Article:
ArchLabs Family Scrapbook


#103

Yep , the Columbians are usually pretty good on descends on the Pro Tour


#104

You’d be surprised. The entrance from the side of the road is almost flat. Downhilling is the challenge for parachuters only.


#105

Downhill is the trick and sought after skill. No doubt.


#106

Cool , but some on the Tour de France lost time going downhill on the big fast ones. As well as up hill I must say.

Sure that MTB Downhill are pretty crazy.

Edit: Anyways, you must be in good shape, cycling s pretty tough somehow ,if one pushes enough.


#107

Different on loose soil and gravel.


#108

@nwg Steel or aluminum frame?


#109

Tried to find a more informative photo, but none of them reflected the reality…

Alu of course. Quite an old bike, but I replaced all the crucial parts.


#110

Wow, nice place in there @nwg

Merida Bikes are pretty good.


#111

Not bad, but windy. :slight_smile:


#112

Yep , I can imagine when one has upfront wind


#113

Okiday, steel frames are making a comeback. Inertia


#114

My former cycling comrade changed to carbon. I will start and probably finish the next season on aluminum.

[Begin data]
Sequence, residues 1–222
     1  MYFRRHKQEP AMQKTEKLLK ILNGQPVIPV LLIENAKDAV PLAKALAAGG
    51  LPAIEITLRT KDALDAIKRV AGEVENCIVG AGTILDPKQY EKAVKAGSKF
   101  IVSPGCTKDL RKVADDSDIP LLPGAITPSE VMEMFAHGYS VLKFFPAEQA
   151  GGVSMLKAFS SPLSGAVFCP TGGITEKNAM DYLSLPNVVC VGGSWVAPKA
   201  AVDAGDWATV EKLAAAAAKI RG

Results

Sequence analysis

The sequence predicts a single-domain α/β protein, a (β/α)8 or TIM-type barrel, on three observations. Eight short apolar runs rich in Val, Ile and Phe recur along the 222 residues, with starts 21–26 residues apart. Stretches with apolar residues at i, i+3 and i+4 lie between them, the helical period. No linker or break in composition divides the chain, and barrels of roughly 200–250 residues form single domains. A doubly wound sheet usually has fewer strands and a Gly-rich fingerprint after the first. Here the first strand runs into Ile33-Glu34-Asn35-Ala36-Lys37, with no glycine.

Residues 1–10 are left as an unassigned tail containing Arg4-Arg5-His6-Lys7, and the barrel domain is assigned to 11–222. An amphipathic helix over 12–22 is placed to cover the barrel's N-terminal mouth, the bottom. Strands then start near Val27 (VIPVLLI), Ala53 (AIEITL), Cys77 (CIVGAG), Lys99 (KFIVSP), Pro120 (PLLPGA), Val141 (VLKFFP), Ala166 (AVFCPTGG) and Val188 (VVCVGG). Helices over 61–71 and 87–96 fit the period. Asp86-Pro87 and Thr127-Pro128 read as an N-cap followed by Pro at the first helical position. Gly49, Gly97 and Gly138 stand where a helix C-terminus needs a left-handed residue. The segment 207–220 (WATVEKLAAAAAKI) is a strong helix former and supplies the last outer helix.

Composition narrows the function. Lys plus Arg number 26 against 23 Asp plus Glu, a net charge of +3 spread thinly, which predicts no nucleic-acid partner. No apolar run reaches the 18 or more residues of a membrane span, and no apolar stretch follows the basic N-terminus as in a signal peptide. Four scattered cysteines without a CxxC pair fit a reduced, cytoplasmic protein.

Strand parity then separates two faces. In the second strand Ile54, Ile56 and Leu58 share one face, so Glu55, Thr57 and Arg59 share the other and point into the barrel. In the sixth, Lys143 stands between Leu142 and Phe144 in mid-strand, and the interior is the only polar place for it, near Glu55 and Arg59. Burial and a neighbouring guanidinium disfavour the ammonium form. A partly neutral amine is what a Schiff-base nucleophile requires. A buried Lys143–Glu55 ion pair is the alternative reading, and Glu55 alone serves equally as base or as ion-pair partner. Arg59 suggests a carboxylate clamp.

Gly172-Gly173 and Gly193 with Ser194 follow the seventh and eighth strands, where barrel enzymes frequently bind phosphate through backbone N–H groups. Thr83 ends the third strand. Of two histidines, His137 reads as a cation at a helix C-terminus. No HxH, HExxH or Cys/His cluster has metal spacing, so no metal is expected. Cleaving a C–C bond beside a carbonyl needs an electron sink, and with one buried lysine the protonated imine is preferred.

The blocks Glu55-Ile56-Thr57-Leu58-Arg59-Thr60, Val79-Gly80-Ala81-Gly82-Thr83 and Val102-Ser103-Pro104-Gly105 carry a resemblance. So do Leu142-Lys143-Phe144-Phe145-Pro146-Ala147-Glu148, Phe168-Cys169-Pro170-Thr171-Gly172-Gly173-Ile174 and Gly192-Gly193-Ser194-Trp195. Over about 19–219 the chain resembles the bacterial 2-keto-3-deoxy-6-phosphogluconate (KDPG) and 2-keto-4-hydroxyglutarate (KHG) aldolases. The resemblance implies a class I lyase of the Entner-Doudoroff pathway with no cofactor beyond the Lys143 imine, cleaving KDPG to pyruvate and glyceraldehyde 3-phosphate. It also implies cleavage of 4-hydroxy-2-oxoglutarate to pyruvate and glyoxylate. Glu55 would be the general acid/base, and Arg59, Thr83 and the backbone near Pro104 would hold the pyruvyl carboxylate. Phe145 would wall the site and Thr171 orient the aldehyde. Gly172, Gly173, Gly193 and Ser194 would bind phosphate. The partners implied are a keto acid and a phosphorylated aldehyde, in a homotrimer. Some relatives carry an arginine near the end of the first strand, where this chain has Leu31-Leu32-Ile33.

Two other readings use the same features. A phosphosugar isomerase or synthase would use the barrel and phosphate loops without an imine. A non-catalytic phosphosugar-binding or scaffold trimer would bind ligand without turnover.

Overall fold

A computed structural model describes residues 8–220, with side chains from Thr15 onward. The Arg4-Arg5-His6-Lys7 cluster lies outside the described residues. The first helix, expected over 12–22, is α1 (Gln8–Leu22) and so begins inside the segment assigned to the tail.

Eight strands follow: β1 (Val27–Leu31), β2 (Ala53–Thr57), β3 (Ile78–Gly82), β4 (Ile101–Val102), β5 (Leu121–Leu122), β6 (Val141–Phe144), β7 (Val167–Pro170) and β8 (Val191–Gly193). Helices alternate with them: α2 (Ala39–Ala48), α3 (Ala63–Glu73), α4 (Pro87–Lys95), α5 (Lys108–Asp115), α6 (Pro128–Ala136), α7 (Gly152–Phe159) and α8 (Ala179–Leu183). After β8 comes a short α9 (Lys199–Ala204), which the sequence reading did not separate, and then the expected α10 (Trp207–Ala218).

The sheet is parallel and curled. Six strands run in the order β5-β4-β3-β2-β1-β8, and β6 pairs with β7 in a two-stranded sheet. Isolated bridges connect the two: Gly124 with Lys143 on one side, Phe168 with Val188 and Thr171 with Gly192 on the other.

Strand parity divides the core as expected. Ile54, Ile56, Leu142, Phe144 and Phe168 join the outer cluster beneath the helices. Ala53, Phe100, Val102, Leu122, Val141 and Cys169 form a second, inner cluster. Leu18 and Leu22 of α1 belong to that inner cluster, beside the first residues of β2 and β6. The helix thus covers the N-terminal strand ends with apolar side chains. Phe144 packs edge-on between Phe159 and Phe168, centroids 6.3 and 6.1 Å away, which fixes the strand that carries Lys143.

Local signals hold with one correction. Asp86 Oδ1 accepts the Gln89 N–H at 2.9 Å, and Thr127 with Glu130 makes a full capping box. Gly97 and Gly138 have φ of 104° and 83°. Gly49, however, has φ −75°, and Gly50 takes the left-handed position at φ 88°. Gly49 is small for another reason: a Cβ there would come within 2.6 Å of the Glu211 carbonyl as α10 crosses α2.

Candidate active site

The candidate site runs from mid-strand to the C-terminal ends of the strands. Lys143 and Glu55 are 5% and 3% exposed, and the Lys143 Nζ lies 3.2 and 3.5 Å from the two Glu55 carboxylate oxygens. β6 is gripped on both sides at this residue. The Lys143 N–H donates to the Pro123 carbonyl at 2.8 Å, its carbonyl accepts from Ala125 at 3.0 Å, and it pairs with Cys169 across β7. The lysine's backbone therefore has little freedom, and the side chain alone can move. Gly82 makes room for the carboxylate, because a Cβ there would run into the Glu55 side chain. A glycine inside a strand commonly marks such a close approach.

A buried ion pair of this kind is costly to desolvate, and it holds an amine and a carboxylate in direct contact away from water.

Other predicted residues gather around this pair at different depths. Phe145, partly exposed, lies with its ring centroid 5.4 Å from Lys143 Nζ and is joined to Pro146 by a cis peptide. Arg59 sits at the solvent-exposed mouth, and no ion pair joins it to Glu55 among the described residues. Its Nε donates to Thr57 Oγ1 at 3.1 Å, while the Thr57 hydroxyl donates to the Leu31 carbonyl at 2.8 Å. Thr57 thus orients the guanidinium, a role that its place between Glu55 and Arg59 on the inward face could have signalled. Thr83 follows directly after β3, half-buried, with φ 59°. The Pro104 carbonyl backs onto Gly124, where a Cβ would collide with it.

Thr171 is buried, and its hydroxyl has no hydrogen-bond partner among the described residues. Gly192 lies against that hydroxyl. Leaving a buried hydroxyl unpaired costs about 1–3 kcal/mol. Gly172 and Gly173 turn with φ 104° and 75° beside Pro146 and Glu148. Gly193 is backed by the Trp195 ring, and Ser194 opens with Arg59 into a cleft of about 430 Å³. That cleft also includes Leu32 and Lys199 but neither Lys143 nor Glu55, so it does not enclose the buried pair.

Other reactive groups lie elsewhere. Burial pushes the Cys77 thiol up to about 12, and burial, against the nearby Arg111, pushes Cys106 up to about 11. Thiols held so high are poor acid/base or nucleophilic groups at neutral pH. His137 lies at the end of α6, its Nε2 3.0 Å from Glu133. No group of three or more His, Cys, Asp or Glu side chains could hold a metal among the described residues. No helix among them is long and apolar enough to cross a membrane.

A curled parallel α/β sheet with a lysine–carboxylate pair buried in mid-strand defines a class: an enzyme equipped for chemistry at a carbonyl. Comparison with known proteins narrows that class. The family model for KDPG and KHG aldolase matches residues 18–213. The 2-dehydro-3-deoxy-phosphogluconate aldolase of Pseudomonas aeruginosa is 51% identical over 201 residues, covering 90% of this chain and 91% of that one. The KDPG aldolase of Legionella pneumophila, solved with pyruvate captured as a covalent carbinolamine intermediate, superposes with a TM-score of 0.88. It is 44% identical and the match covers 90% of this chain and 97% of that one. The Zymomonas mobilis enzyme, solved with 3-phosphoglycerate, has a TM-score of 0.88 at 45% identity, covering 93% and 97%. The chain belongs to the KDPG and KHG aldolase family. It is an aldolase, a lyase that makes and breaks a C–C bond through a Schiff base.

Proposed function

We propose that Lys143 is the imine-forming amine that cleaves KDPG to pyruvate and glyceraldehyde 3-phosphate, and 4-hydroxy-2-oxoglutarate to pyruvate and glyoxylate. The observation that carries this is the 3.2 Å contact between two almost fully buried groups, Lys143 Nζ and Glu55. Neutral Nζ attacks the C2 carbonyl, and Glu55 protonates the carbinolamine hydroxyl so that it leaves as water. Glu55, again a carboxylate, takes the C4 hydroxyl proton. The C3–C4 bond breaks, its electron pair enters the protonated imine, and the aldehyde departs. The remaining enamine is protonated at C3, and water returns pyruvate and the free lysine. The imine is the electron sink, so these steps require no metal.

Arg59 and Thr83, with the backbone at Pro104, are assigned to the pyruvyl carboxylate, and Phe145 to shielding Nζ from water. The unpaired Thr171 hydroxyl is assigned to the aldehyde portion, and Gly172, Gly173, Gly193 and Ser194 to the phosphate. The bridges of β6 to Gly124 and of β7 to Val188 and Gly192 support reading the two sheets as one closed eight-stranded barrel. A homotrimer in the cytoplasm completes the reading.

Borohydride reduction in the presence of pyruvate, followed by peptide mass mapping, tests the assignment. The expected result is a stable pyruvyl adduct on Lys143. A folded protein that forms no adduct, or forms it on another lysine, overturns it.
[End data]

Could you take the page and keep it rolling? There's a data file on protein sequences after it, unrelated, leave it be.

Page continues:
#115

Carbon fiber? Bet that’s pricey. I suppose it depends upon the course and terrain. 'Round here, many are electing to use the new steel frames for distance over a relatively flat landscape.

Interesting.


#116

Looks like this (in the back):

I’m quite sure I’d prefer alu frames over steel on a track above 100 km.


#117

It really depends upon the course and terrain. The steel isn’t the same used in our childhood Shwinn. It’s a slightly more advanced alloy. Nice bikes.


#118

I suppose I better post one. Here I am on the left with my wife and sons on Xmas day. We were having our yearly toast of Mums champagne at my grandparents grave. Mums was their tipple.


#119

Nice pic of a nice familly out there @Dobbie03

Edit: That s some change from your avatar ! lol


#120

Thanks mate.


#121

So true X)


#122

lol, pretty different.